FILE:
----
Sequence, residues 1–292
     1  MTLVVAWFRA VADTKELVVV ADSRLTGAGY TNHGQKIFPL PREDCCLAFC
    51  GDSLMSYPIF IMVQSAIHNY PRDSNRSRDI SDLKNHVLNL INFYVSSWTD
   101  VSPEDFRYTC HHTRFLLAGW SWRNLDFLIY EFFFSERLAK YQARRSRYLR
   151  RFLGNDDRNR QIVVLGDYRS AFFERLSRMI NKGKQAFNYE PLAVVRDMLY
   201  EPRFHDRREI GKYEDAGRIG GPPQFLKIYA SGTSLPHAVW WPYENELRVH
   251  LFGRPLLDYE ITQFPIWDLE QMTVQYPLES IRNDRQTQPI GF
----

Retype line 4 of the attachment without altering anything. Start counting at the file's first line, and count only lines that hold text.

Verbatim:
   101  VSPEDFRYTC HHTRFLLAGW SWRNLDFLIY EFFFSERLAK YQARRSRYLR